The prize in this week’s book competition is Public Parks, Private Gardens – Paris to Provence (Metropolitan Museum of Art). Click here for your chance to win.
The spectacular transformation of Paris during the 19th century into a city of tree- lined boulevards and public parks both redesigned the capital and inspired the era’s great Impressionist artists. Including masterworks by artists such as Bonnard, Cassatt, Cézanne, Corot, Daumier, Van Gogh, Manet, Matisse, Monet, and Seurat, Public Parks, Private Gardens examines how the transformed landscape affected life and art in the city. As the availability and variety of plants and flowers grew tremendously, so did public interest in them. A revival in floral still life easel painting brought the garden’s beauty indoors. Many artists were themselves avid gardeners, and they painted parks and gardens as the distinctive scenery of contemporary life. Writing from the perspective of both a distinguished art historian and a trained landscape designer, Colta Ives provides new insights not only into these essential works, but also into an extraordinarily fertile period in France’s history.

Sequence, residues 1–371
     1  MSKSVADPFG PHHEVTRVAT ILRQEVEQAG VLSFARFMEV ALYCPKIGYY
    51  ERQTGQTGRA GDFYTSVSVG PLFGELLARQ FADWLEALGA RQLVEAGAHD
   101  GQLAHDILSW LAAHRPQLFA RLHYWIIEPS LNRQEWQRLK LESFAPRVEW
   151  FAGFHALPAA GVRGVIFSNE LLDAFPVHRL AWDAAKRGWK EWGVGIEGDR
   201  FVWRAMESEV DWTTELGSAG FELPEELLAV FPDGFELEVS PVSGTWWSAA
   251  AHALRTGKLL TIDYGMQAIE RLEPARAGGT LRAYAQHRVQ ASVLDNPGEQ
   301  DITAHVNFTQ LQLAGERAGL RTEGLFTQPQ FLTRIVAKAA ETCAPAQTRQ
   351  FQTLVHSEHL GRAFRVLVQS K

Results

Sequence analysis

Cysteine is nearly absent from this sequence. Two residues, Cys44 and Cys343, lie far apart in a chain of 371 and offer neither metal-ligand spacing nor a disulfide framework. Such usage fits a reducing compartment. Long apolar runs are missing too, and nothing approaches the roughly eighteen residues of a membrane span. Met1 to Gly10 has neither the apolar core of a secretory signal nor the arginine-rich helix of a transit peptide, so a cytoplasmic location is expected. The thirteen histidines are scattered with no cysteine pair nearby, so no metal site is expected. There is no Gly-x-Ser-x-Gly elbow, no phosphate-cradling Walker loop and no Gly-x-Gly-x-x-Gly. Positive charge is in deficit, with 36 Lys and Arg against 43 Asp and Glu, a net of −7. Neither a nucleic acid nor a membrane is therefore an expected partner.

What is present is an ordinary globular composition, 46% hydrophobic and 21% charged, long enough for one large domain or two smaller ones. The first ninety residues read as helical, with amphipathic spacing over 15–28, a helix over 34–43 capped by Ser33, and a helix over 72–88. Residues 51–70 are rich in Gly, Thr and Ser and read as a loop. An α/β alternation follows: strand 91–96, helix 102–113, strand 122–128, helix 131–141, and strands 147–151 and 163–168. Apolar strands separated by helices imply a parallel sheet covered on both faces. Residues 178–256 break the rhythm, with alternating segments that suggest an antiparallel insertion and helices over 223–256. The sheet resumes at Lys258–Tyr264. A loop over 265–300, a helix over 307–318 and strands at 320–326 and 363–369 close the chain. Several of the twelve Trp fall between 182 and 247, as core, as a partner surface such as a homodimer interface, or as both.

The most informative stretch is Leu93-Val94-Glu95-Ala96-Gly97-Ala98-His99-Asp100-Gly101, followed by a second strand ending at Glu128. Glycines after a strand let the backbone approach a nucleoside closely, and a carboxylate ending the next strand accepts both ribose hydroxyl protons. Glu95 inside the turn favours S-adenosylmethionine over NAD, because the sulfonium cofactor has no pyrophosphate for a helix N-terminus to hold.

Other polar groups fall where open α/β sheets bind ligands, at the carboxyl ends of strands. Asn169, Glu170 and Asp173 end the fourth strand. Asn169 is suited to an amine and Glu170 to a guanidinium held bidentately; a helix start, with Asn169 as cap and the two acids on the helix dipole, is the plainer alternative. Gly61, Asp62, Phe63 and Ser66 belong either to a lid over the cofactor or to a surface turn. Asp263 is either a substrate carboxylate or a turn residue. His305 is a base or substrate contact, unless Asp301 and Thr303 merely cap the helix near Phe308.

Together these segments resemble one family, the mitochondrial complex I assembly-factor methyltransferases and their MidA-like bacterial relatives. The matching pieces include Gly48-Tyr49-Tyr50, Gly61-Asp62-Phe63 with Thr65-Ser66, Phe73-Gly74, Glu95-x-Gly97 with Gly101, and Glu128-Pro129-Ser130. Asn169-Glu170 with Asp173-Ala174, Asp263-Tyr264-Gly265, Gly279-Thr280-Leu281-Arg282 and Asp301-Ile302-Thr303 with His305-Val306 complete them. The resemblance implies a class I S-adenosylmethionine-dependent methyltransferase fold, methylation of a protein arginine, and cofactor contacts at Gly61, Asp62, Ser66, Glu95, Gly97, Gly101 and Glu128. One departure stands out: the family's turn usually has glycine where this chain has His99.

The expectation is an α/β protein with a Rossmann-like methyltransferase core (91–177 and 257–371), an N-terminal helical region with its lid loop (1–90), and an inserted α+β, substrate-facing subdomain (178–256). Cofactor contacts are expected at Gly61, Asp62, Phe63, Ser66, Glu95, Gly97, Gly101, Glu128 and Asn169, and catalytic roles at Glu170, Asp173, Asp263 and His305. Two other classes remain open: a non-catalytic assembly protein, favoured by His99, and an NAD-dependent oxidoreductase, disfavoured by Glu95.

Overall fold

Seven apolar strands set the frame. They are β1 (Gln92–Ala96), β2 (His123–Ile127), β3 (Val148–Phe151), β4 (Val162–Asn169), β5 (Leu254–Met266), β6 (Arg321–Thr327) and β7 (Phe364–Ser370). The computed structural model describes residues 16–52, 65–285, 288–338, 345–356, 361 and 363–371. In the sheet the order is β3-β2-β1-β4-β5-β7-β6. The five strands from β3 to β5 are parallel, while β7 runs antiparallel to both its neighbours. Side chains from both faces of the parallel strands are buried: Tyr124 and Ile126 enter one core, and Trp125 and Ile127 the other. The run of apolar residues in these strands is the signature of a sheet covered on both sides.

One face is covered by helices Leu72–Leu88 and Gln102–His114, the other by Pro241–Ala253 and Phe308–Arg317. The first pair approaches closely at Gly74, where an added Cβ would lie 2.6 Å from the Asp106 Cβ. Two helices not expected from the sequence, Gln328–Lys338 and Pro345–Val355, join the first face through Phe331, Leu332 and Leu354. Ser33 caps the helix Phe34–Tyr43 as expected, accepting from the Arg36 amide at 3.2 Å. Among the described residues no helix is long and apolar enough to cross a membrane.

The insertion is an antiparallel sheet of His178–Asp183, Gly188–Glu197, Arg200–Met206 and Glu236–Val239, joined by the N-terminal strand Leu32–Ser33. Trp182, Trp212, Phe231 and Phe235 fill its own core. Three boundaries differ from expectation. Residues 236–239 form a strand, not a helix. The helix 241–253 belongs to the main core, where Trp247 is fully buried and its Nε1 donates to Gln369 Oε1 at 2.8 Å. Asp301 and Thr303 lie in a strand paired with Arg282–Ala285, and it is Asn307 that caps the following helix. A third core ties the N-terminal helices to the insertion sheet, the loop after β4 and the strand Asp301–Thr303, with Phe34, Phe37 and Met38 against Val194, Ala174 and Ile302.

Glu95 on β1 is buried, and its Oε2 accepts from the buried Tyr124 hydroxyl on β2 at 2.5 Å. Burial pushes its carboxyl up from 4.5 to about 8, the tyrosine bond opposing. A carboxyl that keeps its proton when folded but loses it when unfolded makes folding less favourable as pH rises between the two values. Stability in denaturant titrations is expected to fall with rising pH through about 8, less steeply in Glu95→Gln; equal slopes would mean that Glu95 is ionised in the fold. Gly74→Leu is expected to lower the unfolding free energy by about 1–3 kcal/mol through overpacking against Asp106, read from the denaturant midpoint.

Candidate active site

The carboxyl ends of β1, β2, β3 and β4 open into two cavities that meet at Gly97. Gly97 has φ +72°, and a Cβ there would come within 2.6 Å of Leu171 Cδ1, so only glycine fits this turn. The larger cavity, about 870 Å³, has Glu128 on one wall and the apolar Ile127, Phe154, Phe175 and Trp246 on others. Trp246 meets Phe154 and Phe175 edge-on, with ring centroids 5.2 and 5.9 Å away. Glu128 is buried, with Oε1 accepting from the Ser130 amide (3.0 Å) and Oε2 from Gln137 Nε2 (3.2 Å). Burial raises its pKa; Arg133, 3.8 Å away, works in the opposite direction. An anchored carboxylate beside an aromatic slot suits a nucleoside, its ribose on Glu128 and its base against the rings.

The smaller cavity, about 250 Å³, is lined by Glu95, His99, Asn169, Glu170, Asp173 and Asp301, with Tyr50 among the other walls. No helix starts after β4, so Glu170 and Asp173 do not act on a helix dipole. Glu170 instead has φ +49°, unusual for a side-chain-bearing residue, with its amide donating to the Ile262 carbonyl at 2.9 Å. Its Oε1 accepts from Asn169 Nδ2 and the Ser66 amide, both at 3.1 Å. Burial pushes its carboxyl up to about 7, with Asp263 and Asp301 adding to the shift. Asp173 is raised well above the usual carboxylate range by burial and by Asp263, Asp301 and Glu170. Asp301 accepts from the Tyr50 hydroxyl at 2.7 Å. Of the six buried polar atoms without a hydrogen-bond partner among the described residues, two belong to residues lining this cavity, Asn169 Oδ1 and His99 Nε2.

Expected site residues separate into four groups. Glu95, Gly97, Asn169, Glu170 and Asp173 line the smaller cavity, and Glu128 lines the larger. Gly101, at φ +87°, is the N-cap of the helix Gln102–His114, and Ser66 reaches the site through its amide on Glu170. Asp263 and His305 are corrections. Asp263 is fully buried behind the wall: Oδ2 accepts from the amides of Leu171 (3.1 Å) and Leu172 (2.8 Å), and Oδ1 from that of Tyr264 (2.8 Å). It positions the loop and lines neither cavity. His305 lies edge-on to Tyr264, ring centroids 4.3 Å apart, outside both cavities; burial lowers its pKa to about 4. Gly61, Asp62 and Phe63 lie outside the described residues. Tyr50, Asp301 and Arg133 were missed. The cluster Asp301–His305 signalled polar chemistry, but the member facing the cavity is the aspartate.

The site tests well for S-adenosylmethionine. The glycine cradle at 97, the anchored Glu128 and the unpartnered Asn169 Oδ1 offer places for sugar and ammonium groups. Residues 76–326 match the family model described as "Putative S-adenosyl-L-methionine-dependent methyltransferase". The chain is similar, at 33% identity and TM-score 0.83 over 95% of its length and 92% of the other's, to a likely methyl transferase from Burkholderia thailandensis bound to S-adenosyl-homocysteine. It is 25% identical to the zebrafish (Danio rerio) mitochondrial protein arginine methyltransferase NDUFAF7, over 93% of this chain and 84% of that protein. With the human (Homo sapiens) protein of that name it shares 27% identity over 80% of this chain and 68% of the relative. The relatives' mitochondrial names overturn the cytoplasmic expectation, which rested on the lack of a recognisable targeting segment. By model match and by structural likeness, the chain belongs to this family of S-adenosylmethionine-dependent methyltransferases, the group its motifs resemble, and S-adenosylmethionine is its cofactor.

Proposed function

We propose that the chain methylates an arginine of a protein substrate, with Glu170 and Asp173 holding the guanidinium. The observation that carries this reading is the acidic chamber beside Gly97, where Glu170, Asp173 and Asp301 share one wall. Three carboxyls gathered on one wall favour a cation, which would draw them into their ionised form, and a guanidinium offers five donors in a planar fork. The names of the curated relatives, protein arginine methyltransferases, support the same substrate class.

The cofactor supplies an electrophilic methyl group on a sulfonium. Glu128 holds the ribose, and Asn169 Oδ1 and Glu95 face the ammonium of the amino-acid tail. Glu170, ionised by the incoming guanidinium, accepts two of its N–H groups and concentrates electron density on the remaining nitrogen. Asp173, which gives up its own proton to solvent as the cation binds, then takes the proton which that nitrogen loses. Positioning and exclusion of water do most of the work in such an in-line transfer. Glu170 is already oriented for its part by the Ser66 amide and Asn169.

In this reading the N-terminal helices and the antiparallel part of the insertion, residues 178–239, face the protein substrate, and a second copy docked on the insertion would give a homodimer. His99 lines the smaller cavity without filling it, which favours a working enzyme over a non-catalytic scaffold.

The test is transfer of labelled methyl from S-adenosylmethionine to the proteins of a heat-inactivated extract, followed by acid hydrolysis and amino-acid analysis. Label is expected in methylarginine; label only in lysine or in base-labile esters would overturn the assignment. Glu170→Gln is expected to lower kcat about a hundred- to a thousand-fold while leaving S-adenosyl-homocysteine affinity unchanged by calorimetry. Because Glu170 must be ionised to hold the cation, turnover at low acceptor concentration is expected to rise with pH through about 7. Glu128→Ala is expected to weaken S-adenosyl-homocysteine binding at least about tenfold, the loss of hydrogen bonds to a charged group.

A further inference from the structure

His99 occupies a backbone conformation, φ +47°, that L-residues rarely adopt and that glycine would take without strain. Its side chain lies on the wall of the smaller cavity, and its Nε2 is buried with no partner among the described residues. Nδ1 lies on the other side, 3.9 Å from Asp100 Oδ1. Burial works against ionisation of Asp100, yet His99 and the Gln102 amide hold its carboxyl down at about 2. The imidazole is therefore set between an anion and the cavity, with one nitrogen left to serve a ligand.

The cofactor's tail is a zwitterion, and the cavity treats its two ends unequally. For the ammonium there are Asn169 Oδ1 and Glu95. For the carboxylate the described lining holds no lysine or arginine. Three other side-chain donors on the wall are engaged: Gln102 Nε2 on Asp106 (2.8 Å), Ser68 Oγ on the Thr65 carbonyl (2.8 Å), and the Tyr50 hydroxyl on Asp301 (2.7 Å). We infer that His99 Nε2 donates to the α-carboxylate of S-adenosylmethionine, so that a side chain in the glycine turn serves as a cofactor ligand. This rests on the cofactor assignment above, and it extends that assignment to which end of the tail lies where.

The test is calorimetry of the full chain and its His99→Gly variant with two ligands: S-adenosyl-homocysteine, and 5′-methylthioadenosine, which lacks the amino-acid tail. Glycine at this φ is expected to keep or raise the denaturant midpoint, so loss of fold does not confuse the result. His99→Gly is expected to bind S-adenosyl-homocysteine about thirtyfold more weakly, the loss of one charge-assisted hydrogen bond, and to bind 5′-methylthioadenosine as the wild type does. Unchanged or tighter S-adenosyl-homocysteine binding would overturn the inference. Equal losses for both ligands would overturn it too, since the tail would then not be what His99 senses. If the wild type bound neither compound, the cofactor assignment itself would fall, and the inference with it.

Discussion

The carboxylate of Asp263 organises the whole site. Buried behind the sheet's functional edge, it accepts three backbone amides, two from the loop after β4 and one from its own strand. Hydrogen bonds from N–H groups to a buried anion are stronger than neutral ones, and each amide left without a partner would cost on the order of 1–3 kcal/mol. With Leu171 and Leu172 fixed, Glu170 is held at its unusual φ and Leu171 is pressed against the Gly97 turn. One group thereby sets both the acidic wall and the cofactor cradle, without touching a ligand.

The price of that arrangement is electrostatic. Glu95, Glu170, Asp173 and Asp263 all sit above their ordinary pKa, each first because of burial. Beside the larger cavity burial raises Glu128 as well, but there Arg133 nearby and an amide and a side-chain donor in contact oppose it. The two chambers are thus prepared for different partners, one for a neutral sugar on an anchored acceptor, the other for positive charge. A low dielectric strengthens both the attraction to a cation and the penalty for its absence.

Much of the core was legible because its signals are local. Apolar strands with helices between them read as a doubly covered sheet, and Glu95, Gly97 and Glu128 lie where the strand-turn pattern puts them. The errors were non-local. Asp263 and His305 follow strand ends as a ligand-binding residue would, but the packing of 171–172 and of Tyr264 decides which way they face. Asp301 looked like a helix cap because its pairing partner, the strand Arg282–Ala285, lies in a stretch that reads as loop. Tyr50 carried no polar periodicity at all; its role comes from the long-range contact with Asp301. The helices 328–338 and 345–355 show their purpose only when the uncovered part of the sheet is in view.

Answer the following question, by 9 a.m. on 4 May, to win a copy of Public Parks, Private Gardens: Paris to Provence (Metropolitan Museum of Art)
Q: In which village in Normandy did Monet cultivate his famous gardens?
For our last competition prize we offered The Silver Caesars: A Renaissance Mystery by Julie Siemon (ed.), published by the Metropolitan Museum of Art. The question was:
Q: Which emperor, according to Suetonius, drank pearls dissolved in vinegar?
Congratulations to the winner, Linda Macdonald